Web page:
It didn’t hurt as much as it should have. I still felt it, so I know I had the jab. But it confused me because there was supposed to be so much more pain. I knew what needles felt like; I had memories as recently as five years earlier where the entire memory consisted of pain and hurt and dread and screams. This couldn’t be over yet. I kept asking the nurses if it was really done, and they were all reassuring smiles and sent me on my way.

Someone asked my friend to escort me to room F11. There were quite a few autistic kids in our school, so we had a couple of rooms just for us, and this was one of them. My friend was allowed in with me even though she usually wasn’t, and we just sat there together until I’d calmed down and then talked until the school day ended.

Thankfully, my general phobia of needles has lessened to the point where I haven’t freaked out this bad in years, though my phobia of the specific kind of needle the egg donor used is still bad enough that I cannot physically say what kind it was.

One Door Opens… And Never Closes

, , , , , | Right | November 8, 2021

My wife goes into labor a couple of days before the official due date. I call ahead to the maternity ward, and they have everything ready when we arrive a short time later. My wife and I are ushered into delivery and she is hooked up to the monitors. It’s now just a waiting game.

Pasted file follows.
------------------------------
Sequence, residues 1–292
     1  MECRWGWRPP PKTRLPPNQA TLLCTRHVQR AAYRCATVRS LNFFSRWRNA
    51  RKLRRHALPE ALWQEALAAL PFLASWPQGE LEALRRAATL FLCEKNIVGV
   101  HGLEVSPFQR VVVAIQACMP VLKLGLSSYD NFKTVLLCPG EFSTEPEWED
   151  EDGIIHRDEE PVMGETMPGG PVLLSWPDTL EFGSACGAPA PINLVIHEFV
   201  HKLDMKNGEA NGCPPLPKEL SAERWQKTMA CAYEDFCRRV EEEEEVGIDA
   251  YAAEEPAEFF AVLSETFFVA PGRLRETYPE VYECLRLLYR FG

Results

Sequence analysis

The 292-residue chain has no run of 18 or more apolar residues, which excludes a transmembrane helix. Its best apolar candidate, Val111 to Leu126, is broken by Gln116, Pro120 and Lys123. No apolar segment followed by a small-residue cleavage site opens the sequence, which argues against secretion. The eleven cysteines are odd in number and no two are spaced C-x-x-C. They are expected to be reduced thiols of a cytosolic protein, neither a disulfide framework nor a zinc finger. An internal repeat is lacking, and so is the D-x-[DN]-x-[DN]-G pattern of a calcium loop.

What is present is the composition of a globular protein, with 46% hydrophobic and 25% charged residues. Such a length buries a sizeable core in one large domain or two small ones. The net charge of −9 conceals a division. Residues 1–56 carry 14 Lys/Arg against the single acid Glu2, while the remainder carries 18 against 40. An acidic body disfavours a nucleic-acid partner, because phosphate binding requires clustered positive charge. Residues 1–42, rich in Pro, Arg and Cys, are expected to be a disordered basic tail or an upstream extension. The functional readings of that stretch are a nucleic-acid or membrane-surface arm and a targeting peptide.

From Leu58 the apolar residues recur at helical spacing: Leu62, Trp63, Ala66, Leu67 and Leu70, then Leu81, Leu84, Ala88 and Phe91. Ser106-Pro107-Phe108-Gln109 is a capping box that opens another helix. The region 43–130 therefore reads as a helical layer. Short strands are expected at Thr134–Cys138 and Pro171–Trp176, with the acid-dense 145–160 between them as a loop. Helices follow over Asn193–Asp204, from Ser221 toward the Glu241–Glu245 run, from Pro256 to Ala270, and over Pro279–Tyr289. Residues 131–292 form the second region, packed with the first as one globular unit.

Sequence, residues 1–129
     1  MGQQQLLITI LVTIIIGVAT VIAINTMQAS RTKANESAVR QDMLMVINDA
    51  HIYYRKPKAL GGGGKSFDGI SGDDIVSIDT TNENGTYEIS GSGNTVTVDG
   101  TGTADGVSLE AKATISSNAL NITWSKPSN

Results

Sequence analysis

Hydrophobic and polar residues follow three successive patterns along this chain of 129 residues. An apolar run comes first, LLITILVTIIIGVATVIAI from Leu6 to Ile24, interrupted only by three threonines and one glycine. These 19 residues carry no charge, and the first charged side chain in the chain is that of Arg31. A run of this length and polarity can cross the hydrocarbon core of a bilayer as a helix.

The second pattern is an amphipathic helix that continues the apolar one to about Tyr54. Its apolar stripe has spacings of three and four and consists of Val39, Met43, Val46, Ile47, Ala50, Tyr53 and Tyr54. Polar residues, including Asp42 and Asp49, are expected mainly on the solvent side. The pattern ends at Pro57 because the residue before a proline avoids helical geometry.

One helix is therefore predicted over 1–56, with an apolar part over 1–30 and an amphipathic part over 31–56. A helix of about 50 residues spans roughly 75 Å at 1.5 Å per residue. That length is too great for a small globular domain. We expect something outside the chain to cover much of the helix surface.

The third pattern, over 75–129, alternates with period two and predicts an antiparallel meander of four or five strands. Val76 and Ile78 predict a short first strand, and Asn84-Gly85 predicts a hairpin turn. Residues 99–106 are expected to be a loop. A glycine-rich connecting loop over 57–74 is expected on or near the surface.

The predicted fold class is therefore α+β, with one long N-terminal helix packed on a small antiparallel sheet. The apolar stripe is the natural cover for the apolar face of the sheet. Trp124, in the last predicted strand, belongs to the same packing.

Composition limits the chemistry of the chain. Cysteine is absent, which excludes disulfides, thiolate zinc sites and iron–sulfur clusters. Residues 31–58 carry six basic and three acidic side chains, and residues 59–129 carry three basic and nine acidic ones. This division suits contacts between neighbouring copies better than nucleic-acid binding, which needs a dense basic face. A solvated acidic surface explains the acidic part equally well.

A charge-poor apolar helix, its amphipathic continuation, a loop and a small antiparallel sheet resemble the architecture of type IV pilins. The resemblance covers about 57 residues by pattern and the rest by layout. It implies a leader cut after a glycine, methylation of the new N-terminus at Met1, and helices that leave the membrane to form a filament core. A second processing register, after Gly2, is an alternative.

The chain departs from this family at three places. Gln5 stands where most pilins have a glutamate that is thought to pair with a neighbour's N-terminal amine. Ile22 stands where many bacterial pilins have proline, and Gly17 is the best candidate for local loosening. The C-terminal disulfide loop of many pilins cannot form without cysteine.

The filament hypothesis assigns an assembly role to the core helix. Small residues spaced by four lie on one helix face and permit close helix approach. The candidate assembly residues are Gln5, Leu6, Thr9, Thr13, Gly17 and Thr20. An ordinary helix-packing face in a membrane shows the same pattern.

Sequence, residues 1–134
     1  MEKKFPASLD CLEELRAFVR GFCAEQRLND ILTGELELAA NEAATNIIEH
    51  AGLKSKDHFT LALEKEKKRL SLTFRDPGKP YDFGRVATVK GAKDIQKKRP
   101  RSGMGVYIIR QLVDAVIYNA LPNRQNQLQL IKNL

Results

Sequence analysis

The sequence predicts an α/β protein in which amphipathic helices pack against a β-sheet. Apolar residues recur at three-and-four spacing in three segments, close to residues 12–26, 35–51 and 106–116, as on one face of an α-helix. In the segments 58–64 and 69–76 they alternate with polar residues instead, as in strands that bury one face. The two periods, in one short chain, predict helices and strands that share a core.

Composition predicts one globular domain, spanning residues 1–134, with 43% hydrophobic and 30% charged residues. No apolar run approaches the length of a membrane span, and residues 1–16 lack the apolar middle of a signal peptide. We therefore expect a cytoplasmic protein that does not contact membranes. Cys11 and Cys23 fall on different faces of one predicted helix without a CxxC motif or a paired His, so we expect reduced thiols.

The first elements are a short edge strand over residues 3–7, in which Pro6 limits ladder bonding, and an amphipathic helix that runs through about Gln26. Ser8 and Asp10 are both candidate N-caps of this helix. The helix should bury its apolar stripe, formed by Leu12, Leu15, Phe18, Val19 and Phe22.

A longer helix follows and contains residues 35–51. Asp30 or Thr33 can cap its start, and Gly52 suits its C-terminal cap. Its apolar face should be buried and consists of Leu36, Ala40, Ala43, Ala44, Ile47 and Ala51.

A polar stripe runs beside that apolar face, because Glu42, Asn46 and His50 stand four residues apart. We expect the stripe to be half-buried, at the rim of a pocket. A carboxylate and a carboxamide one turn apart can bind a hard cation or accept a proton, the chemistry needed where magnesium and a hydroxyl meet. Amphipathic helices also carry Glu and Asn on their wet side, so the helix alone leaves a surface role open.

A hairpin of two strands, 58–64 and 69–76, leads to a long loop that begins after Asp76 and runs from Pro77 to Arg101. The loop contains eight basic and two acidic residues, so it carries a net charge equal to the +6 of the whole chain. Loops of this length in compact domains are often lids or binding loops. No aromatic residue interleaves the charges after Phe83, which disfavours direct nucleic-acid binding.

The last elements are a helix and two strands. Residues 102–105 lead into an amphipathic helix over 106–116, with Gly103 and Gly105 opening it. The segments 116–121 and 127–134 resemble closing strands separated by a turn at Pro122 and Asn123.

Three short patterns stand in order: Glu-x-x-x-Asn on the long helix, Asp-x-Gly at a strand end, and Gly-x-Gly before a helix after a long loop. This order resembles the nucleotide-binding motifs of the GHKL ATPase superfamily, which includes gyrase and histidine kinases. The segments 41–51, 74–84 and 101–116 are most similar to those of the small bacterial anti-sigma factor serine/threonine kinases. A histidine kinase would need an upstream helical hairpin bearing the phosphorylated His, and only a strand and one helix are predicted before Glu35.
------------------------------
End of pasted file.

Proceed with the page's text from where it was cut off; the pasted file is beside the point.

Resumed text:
Not knowing how long this will take, I excuse myself to use the restroom. The rules state that in the delivery wing, restrooms are reserved for mothers-to-be, so I go across to the recovery ward.

As I go to exit the single-person bathroom, I turn the knob, the little button push-lock pops out, and… nothing. The doorknob turns freely in my hand but the locking mechanism remains stuck. I jiggle, re-lock, and unlock again, and try things over and over, but the door won’t open.

Outside, a voice asks if I need help.

Me: “Yes, please. I seem to be locked in the bathroom.

Nurse #1: “I’m a nurse. I’ll call maintenance. Who are you visiting in the recovery ward, so I can let them know?”

Me: “Actually, my wife is over in delivery, ready to give birth.”

Nurse #1: “Oh! Oh, my! You’re going to miss the birth of your child! [Nurse #2], [Nurse #3], quick! Tell maintenance it’s an emergency!”

This draws every nurse on the ward.

Nurse #2: “What should we do?”

Nurse #3: “Should we call the fire department?”

Me: “No! Please don’t do that! That would be a disturbance for everyone. I’m sure maintenance can figure it out.”

Maintenance did arrive. There was no way to disassemble the lock from the outside, the door hinges were on the inside with no way to pass me a tool, and there was no window to escape. Eventually, two maintenance workers used crowbars to pry off the doorframe and remove the door completely.

I sheepishly left the scene of destruction under the gaze of several families who had come to visit their newborns and went back in time to see my son being born.

Things went well, and of course, we were moved to recovery after his birth. For the next twenty-four hours, with each shift change of doctors and nurses, the story of why the door of the bathroom was leaning against the wall just spread. Our OB-GYN arrived the next day, fully briefed on what had happened, and constantly teased me about it. My wife found it hilarious.

The story continues. As our town was building a new hospital at the time, large maintenance work in the old hospital, such as replacing broken doors, was not a priority.

We returned several times over the next few months for wellness checks and breastfeeding advice. The door was never fixed, and everyone knew it was me. I thought I would never live it down until the new hospital was finished and the old one was torn down almost a year later.